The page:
The Spanish role in the French Resistance

British historian Robert Gildea deconstructs the official version of events in his new book

Resistance fighter Simone Ségouin in Paris in 1944.
Resistance fighter Simone Ségouin in Paris in 1944.

The story that France constructed for itself after World War II goes like this: the country was liberated by the Resistance with some help from the Allies, and save for “a handful of wretches,” to use the words of General Charles de Gaulle, the rest of France’s citizens behaved like true patriots.

But nothing could be further from the truth. In his new book, Fighters in the Shadows: A New History of the French Resistance, British history professor Robert Gildea deconstructs this rhetoric, drawing up a detailed portrait of the occupation years with a critical eye.

The Civil War had really toughened us up

Vicente López Tovar, Resistance fighter

Rather than calling it the French Resistance, this expert on the subject likes to talk about “resistance in France” because of the enormous amount of foreigners who joined the fight against Nazism – including thousands of Spanish Republican fighters.

“France was defeated and occupied by Germany. When it was freed and unified again, a single history was created maintaining that the entire country attained freedom together under the leadership of De Gaulle; this story was propagated through medals, ceremonies and titles,” explains Gildea, a professor of Modern History at Oxford University’s Worcester College.

His book, which is coming out in a Spanish translation this week, takes a look at some of the forgotten heroes of that time: not just the Spaniards fleeing Franco, but also Jews from Poland and Romania, Communists and women, whose role as resisters has been consistently undervalued.

“The simplistic tale about the French national liberation only represents one part of the story, not all of it,” notes Gildea.

British historian Robert Gildea.
British historian Robert Gildea.

Fighters in the Shadows, which is scheduled for release in France in the spring of 2017, has already received critical acclaim in The Economist and The New York Review of Books, where it was reviewed by the great Vichy historian Robert O. Paxton.

Gildea, who has already published other works about the same period of history, admits that the ideal image of French society portrayed for years had already been questioned before by movies such as Louis Malle’s Lacombe Lucien, whose script was penned by Nobel winner Patrick Modiano.

But coming in at 650 pages, Gildea’s new work is the most comprehensive written to date with a critical approach to the 1940-1944 period in France. And the enormous success of a television series called Au nom du peuple français (or, In the name of the French people), which is already into its sixth season, evidences that the Resistance continues to be a delicate subject that does not become any less fascinating with the passing of time.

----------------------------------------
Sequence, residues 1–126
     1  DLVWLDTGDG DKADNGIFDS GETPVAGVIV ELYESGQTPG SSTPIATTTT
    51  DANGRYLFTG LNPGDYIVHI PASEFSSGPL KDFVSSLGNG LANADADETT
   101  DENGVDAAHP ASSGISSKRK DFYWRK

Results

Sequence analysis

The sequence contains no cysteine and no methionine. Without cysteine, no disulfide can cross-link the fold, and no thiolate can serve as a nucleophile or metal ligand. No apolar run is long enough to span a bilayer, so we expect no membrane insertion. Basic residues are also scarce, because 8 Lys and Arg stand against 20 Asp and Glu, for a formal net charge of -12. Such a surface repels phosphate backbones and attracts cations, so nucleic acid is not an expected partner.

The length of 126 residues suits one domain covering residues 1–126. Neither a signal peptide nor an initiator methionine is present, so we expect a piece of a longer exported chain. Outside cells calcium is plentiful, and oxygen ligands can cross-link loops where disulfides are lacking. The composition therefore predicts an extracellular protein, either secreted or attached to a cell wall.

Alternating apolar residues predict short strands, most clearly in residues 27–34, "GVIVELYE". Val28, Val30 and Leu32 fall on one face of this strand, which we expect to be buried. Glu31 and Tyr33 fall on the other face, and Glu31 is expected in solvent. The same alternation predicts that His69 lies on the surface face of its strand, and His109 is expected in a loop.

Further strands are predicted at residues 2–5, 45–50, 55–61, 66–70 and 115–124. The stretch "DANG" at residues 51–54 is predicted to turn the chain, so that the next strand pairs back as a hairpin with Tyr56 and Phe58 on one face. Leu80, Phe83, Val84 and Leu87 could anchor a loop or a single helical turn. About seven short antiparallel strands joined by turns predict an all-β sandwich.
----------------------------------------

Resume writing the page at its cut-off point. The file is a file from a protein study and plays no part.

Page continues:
Fighters in the Shadows analyzes the great historical movements, but also comes down to street level, providing character studies of regular people who played their own part, big or small, in resisting the invaders.

“Scum of the Earth”

“We need to analyze what happened in France against the background of the fight against Nazism in Europe, but also in the context of the Holocaust and the Cold War,” says Gildea in a telephone conversation. “Many people in the Resistance had fought in the International Brigades.”

They were what the writer and journalist Arthur Koestler, who shared prison space with them, called “Scum of the Earth” in a book about his own experiences. They were people who had no place to go.

An armored vehicle commanded by Sergeant Manuel Morillas (left) in Paris on August 26, 1944.
An armored vehicle commanded by Sergeant Manuel Morillas (left) in Paris on August 26, 1944.

Many Spanish Republicans who had fought against Franco found themselves trapped in France at the outset of WWII. Their goal was to liquidate the Nazis first, then Franco. In fact, they led a failed attempt at invading Spain in 1944.

These Republicans were not just the members of La Nueve, the legendary brigade that was the first to enter Paris in August 1944, yet whose role was silenced for years. It was not until 2008 that street plaques were unveiled showing the path they took.

Gildea’s book also sheds light on combatants such as Vicente López Tóvar, who was born in Madrid in 1909, spent his youth in Buenos Aires, fought in the Spanish Civil War at the battles of Madrid and the Ebro River, and fled to France, where he helped organize the Maquis guerrillas. “The Civil War had really toughened us up,” López Tóvar told Gildea.

Spaniards on parade

The liberation of Toulouse, on August 19, 1944, was coordinated by forces led by Jean-Pierre Vernant, but Spanish Republicans played a major role in it. Southern regions such as Périgord and cities like Foix were entirely liberated by the Spaniards, a fact that De Gaulle never fully appreciated. Gildea says that the general rushed down to Toulouse because he did not wish to lose any control over the territory being freed of the Nazis.

The Spanish Republicans took part in the victory parade, wearing the German soldiers’ helmets, which they had repainted blue. When De Gaulle saw this, he reportedly exclaimed: “What are all those Spaniards doing parading with the Free French Forces?” To Gildea, this anecdote reflects the profound change that was taking place in the rhetoric about the Resistance.

English version by Susana Urra.


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